The National Oceanic and Atmospheric Administration’s (NOAA) new catch share policy, which encourages the use of catch shares to manage fisheries, is exciting news for the Gulf of Mexico’s declining fisheries and struggling fishermen.
The Gulf of Mexico Fishery Management Council deserves a pat on the back for already considering catch shares for some of its fisheries, and NOAA’s new policy can help jumpstart even more progress to end overfishing in all Gulf fisheries. Ending overfishing is good for Gulf economies and will give fishermen more time on the water.
The red snapper individual fishing quota (IFQ), one type of catch share, is wrapping up its third year, and we continue to see the tangible benefits of catch shares: commercial overfishing is ending, fishing businesses are more stable, and bycatch (accidentally-caught fish that must be thrown back in the water and often die) has been significantly reduced.
Other Gulf fisheries and sectors can benefit from catch shares too:
- Grouper and tilefish commercial fishermen want the same benefits that red snapper fishermen are having with their 3-year old IFQ, and they’ll get them when grouper and tilefish are added to the IFQ program in less than a month – on January 1. By extending the IFQ to all reef fish, the economic and environmental benefits could multiply throughout the entire region.
- The Gulf red snapper stock assessment was updated last week and it shows that snapper stocks are rebounding. Though the population isn’t fully rebuilt, additional fish will likely be given to fishing sectors that consistently stay within their annual fishing limits. Commercial fishermen consistently stay within their fishing limits and will likely be allotted more fish for next year. Recreational fishermen, subject to outdated management like short seasons and closures, have exceeded their limit for several years in a row, which could prevent them from receiving more fish.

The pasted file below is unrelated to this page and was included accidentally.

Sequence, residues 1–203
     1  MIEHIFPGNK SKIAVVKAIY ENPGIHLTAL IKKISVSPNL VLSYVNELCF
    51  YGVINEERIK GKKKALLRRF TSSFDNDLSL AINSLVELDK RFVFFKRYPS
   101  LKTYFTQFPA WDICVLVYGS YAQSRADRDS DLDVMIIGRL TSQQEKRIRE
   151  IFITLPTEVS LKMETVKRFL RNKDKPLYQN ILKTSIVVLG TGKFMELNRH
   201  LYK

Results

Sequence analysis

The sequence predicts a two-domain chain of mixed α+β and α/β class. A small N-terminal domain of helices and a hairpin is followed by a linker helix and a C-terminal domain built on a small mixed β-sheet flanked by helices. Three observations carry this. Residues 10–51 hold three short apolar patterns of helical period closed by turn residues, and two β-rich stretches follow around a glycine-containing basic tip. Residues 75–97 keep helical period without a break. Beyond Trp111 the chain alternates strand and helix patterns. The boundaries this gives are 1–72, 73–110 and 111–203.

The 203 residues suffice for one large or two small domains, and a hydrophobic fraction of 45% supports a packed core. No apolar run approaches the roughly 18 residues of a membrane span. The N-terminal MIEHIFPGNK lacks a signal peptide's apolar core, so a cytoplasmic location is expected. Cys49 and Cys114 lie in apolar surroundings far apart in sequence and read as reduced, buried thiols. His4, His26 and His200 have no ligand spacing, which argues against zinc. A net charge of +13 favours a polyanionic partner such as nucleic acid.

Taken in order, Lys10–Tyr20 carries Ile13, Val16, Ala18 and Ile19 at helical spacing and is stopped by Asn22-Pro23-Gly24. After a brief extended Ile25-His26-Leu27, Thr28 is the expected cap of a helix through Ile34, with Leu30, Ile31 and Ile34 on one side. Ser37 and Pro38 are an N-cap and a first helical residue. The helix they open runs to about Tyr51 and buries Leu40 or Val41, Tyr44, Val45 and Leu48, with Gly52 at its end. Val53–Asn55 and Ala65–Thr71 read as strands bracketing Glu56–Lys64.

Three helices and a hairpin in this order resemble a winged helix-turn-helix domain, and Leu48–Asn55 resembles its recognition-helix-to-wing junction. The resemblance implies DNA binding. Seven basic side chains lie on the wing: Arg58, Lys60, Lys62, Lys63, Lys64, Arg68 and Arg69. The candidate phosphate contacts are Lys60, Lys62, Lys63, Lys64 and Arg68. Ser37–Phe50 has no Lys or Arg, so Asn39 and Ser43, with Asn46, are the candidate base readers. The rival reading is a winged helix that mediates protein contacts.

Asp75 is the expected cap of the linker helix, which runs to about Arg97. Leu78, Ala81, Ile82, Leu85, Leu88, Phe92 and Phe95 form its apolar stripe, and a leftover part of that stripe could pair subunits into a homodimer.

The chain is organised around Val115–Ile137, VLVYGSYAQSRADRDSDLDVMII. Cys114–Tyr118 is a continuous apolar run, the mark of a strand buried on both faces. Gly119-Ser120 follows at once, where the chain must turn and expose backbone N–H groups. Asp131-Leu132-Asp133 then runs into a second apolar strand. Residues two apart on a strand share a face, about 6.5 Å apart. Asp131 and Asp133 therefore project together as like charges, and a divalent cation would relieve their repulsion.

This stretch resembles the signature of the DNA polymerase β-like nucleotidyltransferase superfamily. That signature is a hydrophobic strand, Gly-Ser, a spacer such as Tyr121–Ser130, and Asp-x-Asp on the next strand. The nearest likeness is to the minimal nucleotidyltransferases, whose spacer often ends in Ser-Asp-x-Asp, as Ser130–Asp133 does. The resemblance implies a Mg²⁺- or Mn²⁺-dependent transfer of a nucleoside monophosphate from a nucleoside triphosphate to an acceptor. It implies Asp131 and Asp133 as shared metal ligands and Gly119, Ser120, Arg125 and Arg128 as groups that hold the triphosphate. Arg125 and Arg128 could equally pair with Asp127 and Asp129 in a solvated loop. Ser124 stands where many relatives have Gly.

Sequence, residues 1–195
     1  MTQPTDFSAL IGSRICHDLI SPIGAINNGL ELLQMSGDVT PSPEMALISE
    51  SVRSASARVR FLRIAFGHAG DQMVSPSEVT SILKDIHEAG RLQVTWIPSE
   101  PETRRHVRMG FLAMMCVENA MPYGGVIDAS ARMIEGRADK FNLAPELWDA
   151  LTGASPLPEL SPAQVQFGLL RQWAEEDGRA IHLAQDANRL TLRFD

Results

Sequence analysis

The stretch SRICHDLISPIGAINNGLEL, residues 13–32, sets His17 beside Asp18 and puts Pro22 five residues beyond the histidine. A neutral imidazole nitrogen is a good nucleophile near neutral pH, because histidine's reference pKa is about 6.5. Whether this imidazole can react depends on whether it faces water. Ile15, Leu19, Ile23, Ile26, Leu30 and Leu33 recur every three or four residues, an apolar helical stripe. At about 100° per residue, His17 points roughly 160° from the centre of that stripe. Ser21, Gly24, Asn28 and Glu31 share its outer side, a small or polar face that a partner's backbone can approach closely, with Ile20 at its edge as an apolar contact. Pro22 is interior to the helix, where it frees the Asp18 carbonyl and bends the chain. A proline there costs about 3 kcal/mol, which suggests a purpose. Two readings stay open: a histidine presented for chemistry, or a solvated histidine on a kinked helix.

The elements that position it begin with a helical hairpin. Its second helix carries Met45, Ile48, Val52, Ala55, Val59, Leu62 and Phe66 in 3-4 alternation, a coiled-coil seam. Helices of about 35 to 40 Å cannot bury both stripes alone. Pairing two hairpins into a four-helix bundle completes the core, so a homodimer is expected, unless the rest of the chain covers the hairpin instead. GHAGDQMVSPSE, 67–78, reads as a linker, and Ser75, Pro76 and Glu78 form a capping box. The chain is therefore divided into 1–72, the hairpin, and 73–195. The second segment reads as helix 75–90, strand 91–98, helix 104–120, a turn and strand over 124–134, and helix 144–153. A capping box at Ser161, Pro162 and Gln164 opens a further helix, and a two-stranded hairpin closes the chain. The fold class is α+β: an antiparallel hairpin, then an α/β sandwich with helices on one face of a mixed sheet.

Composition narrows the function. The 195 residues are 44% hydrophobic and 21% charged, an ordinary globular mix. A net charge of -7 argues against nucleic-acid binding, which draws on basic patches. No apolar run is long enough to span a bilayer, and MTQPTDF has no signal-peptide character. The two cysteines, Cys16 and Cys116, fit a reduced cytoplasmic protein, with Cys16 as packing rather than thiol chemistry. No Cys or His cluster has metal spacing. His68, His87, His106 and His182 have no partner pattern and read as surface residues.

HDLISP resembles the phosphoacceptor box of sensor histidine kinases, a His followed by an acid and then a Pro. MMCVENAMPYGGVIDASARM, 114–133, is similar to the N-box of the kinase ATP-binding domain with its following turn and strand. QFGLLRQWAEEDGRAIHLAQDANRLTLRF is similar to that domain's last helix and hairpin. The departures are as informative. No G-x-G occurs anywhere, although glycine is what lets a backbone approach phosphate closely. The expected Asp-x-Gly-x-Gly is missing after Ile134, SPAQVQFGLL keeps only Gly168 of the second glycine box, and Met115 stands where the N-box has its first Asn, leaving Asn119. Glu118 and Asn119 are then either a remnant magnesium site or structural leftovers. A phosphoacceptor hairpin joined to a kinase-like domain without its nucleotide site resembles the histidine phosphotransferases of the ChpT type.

- Recreational fishermen had one of the shortest red snapper seasons on record this year and had their Amberjack fishery closed unexpectedly in October, all based on efforts from fishery managers to end overfishing. Instead of instituting season closures and other outdated management tools, which are bad for local businesses that depend on tourism, fishery managers should explore other types of management tools – including IFQs for charter and head boats and harvest tags for private anglers. New management like this would give anglers and local businesses more fishing time and continue to rebuild fish stocks.
As you can see, there’s a lot of room for the fishery managers, fishermen and others to capitalize on this opportunity to more quickly an easily implement catch shares. Let’s get to work!